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What Documents Will I Need for Taxes if I Bought a House Last Year?

At HomeLight, our vision is a world where every real estate transaction is simple, certain, and satisfying. Therefore, we promote strict editorial integrity in each of our posts.

DISCLAIMER: This article is meant for educational purposes only and is not intended to be construed as financial, tax, or legal advice. HomeLight always encourages you to reach out to an advisor regarding your own situation.

Sitting down to do your taxes in your new (to you) home, perhaps you already knew that you might need some documentation from your home purchase last year. Or perhaps that was something you discovered while you were well into the process. Whatever the case, if you bought a home last year, the good news is that it can have a positive impact on your taxes. If you itemize your return, there are several new deductions you can take. But to get their full benefit, you’ll need the appropriate documents.

Brian Watson, an experienced agent in Santa Fe, New Mexico, completes 28% more sales than other agents in his area. He thinks that the benefits of homeownership are that you have “pride of ownership and have an investment; you’re not just paying rent and paying someone else’s mortgage,” but also that, “you have tax deductions that become available to you when you own a home.”

If you’re thinking about taking those deductions on your new home purchase, here’s what you need to know and the documents you’ll need for taxes.

A calculator used to complete tax documents.
Source: (Ömer Haktan Bulut / Unsplash)

Itemized vs. standard deductions

Whether or not you’ll need some of these documents depends on if you file an itemized return or take the standard deduction.

The standard deduction is an automatic subtraction from your income — in other words, after applying the standard deduction, your taxable income will be lower.

The amount you can subtract depends upon your filing status. For many people, itemized deductions won’t be higher than the standard deduction. Therefore, choosing this path saves them time.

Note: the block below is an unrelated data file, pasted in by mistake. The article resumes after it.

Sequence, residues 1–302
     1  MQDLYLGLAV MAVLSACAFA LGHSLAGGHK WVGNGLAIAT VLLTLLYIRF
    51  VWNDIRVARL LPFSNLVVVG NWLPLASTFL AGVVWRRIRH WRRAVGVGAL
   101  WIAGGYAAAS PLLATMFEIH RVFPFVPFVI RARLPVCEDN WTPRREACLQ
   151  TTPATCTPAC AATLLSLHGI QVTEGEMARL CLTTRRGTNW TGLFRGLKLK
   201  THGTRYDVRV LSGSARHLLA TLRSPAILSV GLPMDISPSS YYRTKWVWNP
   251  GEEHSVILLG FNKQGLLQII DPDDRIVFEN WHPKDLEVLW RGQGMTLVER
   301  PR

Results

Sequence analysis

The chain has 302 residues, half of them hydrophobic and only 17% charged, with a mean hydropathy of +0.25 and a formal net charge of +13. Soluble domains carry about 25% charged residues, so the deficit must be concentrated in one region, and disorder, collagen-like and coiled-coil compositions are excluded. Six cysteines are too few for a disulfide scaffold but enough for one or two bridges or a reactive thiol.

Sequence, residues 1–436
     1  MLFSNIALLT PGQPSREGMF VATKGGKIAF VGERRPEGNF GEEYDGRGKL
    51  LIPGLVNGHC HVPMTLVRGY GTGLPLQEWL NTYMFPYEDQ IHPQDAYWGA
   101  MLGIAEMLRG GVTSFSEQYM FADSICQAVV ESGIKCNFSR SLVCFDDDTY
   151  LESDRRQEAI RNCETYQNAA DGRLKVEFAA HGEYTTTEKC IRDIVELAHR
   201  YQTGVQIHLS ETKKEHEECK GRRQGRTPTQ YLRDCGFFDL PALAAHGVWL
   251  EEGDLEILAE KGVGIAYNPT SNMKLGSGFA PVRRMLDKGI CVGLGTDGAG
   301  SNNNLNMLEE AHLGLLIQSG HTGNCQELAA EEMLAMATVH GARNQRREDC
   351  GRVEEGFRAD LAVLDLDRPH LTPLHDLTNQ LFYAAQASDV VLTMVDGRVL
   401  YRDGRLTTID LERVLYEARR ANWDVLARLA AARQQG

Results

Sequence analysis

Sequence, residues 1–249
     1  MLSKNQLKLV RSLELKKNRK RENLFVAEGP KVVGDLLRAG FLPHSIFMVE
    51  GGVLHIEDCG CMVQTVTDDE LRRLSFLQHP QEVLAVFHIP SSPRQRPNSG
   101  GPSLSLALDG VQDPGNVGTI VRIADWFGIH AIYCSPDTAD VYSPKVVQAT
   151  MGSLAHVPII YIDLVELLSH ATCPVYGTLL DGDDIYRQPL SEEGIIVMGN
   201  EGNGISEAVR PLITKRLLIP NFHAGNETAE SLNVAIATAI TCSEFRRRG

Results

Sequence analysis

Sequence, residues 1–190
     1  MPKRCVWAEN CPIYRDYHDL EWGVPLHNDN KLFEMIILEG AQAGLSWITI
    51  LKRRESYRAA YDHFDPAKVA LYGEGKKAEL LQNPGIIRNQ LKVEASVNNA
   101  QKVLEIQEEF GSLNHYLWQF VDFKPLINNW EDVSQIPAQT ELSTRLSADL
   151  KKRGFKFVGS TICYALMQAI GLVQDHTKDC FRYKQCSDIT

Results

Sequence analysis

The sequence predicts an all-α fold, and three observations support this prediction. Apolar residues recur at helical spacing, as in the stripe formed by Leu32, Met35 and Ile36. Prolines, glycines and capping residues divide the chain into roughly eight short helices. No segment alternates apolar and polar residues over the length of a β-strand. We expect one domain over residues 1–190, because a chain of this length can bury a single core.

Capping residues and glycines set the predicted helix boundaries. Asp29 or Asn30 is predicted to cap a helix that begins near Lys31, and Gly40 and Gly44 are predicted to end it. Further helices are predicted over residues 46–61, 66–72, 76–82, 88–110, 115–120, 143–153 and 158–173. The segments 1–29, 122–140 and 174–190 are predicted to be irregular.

Each filing status and its related deduction is as follows:

  • Single or married filing separately: $12,200
  • Head of household: $18,350
  • Married filing jointly or qualified widow(er): $24,400

But once you’re eligible for more itemized deductions, such as mortgage interest or a home office, you might be able to deduct more from your taxes if you itemize your deduction. In addition to home-related expenses, you can deduct medical bills, taxes, charitable contributions, and casualty and theft losses.

If you bought a house this year and you think itemizing your deductions would save you more money, these are the documents you’ll need to prepare your return.

Mortgage documents

The first set of documents you’ll need to file your taxes relate to your mortgage. One of the perks to homeownership is the mortgage interest deduction, among other housing-related deductions, so you’ll want to make sure you take full advantage of it.

IRS Form 1098

Be on the lookout for this form in the mail. Your lender will send it to you at the beginning of the year, or possibly make it available on your lending portal.

This form reports how much mortgage interest you paid during the year. It also includes itemizations for prepaid points, mortgage insurance, or private mortgage insurance, “PMI.”